Hewston Coat of Arms
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Which coat of arms or "family crest" is mine?
Choose the design you like best, just your ancestors did when they painted these symbols on the shields they carried into battle and displayed in their homes. These coats of arms are real, historical works of art/culture dating back as far as 1100AD. Most of these designs were compiled and documented by genealogists and heraldists in large books published in the nineteenth century. These arms were owned by individuals who bore your surname, and were passed down through the generations from father to son, earning the monicker "family crest".
Origin, Meaning, Family History and Hewston Coat of Arms and Family Crest
Hewston is one of the names acquired from the families of the old Dalriadan clans of Scotland. It acquired from the old Scottish given name Hugh. Hewston is a patronymic surname, which belongs to the category of hereditary surnames. In general, patronyms acquired from either the first name of the father of the bearer, or from the names of famous religious and secular figures. By and large, surnames descending from one’s father’s name were the most common. The surname also came from the place called Houston, near Glasgow. In Old English, the name Houston, meant the settlement belonging to Hugh. Spelling in the old era was a highly imprecise process. Translation, particularly from Gaelic to English, was little better. For these reasons, early Scottish names are rife with spelling variations.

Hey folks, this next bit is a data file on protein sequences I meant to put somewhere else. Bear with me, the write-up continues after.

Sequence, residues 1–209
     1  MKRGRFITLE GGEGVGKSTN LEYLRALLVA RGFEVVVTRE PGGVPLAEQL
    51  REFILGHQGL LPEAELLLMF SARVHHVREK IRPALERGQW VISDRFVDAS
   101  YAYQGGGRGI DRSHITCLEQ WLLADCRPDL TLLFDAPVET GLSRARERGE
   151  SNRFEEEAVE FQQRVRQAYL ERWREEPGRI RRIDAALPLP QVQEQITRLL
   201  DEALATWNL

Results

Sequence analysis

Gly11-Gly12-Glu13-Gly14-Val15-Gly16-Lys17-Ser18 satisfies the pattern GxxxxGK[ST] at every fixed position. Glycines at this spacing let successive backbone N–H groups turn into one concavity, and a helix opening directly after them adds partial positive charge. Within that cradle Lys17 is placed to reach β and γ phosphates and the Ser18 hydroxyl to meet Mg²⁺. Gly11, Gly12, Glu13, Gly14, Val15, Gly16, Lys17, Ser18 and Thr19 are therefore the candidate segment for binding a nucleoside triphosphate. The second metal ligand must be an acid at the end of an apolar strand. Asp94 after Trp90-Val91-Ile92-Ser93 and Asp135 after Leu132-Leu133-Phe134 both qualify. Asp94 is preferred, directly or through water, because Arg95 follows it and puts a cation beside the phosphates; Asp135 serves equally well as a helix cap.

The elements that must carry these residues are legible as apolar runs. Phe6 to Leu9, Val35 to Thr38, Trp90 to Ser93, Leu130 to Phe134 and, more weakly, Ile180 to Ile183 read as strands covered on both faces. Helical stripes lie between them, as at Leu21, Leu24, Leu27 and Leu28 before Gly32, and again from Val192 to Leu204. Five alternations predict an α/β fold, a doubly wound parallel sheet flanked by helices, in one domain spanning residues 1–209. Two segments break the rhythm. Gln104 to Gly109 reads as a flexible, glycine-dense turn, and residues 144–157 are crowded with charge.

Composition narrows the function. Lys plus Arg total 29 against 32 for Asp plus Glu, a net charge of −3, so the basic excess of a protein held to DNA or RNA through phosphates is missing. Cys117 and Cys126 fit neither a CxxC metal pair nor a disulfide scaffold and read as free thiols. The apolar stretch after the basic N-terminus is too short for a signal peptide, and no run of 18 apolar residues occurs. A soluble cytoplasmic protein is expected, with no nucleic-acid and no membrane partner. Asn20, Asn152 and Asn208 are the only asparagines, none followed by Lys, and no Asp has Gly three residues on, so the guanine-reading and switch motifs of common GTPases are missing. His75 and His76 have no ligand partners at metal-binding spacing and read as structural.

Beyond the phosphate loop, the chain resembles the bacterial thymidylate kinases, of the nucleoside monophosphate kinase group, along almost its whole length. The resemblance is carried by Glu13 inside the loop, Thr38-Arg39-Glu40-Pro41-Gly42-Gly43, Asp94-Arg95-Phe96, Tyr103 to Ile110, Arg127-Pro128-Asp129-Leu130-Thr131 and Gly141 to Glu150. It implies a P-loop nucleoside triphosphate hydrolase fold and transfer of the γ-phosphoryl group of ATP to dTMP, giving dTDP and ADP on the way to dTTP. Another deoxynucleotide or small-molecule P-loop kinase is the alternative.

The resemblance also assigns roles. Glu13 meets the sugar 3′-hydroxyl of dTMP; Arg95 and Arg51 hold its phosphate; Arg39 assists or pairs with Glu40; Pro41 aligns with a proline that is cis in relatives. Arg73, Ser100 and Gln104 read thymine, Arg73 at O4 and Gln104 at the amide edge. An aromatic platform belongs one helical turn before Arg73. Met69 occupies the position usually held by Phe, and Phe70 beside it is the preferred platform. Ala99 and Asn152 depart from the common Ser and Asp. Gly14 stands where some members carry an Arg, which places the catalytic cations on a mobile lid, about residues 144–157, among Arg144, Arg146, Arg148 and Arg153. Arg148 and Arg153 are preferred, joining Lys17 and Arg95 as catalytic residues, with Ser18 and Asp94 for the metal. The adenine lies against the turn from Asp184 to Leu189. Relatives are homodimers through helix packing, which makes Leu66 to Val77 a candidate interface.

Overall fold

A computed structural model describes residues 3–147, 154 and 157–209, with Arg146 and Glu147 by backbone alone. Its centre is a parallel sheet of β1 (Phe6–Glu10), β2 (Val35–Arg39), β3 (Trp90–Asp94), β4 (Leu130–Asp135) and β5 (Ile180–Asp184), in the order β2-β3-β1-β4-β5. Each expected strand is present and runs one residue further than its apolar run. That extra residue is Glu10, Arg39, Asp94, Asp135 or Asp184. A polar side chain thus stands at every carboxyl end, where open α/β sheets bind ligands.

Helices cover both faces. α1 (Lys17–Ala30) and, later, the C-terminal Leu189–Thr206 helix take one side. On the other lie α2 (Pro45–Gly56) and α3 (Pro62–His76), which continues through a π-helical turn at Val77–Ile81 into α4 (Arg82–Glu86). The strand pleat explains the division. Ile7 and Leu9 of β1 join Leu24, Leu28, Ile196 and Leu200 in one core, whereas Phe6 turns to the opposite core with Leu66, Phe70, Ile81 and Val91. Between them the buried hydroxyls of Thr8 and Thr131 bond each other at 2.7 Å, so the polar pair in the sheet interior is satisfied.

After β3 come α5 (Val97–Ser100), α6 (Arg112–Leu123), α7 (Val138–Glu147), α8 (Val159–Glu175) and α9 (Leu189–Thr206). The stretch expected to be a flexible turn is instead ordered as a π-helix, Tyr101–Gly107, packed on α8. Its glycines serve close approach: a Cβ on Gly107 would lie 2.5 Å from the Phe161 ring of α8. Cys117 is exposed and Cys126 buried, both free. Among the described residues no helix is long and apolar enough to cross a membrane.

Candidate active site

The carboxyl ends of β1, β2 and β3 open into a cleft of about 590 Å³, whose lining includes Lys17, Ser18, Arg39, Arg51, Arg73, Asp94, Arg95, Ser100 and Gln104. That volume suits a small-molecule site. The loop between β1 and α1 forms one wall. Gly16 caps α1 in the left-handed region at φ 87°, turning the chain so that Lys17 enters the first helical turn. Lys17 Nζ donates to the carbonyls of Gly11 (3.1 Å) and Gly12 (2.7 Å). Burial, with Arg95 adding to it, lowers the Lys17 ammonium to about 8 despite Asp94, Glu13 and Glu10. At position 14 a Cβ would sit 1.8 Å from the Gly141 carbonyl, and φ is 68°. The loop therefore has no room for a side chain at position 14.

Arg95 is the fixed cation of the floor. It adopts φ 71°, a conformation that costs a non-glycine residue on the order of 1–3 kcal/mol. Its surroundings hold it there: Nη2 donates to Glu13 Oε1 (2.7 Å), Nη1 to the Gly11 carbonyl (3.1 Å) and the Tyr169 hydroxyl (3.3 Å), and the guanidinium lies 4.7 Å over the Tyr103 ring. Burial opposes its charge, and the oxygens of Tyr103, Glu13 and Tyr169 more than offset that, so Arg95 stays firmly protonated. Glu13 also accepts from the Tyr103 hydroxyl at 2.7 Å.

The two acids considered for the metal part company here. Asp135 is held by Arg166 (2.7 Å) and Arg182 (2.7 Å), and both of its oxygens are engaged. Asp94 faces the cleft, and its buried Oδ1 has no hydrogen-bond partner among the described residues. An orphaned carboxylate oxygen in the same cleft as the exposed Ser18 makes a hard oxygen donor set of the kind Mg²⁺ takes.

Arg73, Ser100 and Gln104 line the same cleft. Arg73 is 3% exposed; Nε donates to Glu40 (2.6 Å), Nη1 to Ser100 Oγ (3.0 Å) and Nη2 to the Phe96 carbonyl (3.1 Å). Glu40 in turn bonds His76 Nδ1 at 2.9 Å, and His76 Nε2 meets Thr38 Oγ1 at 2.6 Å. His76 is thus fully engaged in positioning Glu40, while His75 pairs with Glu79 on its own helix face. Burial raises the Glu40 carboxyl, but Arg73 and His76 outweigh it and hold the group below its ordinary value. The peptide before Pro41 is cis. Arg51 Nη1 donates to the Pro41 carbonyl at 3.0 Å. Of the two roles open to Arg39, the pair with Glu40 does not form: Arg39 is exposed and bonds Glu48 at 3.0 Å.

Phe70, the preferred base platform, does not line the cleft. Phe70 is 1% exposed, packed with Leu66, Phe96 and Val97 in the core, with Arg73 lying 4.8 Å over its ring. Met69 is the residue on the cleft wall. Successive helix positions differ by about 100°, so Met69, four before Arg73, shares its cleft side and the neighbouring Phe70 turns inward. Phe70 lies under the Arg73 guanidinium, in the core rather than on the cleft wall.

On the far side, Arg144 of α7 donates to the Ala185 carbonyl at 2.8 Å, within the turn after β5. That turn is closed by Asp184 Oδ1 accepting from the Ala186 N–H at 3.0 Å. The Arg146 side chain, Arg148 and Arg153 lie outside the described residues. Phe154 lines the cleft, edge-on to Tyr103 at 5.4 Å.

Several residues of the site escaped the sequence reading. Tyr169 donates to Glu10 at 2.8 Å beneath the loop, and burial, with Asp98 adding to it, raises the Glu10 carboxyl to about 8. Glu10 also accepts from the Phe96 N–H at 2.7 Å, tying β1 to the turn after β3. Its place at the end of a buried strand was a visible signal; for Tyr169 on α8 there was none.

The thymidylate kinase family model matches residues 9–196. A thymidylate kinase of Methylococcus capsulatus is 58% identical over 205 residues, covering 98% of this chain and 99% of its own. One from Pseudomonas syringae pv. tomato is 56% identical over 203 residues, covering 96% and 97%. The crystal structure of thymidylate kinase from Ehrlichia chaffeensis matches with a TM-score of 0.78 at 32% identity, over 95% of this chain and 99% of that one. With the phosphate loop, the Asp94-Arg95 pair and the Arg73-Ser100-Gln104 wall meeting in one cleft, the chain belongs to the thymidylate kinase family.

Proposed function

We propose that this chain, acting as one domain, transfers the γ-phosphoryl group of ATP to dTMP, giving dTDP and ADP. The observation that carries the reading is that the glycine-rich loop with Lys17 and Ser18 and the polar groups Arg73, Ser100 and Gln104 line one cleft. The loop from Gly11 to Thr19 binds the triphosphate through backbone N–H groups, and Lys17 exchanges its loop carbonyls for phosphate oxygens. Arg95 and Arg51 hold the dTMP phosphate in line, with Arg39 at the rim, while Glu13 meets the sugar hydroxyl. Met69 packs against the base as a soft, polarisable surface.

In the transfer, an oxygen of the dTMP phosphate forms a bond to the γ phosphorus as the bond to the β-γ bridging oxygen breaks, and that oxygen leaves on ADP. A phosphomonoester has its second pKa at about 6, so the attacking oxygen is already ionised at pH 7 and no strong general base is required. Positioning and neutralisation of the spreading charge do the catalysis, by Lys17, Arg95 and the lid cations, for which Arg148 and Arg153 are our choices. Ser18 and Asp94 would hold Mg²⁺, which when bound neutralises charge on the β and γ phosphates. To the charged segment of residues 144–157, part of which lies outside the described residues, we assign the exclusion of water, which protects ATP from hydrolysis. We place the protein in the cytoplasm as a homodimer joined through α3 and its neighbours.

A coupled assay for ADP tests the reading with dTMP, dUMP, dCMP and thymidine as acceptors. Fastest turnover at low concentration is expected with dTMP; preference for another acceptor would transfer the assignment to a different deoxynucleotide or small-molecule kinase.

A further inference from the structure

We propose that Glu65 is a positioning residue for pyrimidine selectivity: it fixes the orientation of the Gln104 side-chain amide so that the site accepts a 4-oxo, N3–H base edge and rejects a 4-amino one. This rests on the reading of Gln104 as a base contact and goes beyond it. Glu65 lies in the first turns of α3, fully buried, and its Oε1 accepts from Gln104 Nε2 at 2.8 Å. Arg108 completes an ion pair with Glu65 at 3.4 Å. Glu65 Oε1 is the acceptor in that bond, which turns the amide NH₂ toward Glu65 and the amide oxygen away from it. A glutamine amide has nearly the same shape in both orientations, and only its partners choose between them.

In many documents Hewston has spelt Houston, Houstown, Huston, Hueston, Hughston, Hughstone, Houstone, Houstowne, Houstoun, Huestoun, Huestown, Huestowne, Hughstoun, Hughstown, Hughstowne, MacHouston, MacHuston, MacCuiston, McCuiston and much more.
The surname Hewston first found in Renfrewshire (Gaelic: Siorrachd Rinn Friu), a historic division of Scotland, today encompassing the Council Areas of Renfrew, East Renfrewshire, and Iverclyde, in the Strathclyde region of southwestern Scotland, where they declined from a Scottish knight, Hugh de Paduinan, who in 1165 founded the town of Houston in that shire.
Some of the people with the surname Hewston who arrived in the Canada in the 19th century included Mr Joshua Hewston U.E. who settled in Home District [York County], Ontario near the year 1784.
Hewston Coat of Arms Meaning
The four main devices (symbols) in the Hewston blazon are the chevron, fretty, crescent and martlet. The two main tinctures (colors) are or and azure.
The bright yellow colour frequently found in coats of arms is known to heralds as Or, or sometimes simply as Gold.1Boutell’s Heraldry, J.P. Brooke-Little, Warne, (revised Edition) London 1970, P 27. Along with, argent, or silver it forms the two “metals” of heraldry – one of the guidelines of heraldic design is that silver objects should not be placed upon gold fields and vice versa 2A Complete Guide to Heraldry, A.C. Fox-Davies, Bonanza (re-print of 1909 Edition), New York, 1978, P85. The yellow colour is often associated with the Sun, and the zodiacal sign of Leo.3Understanding Signs & Symbols – Heraldry, S. Oliver & G. Croton, Quantum, London, 2013, P53.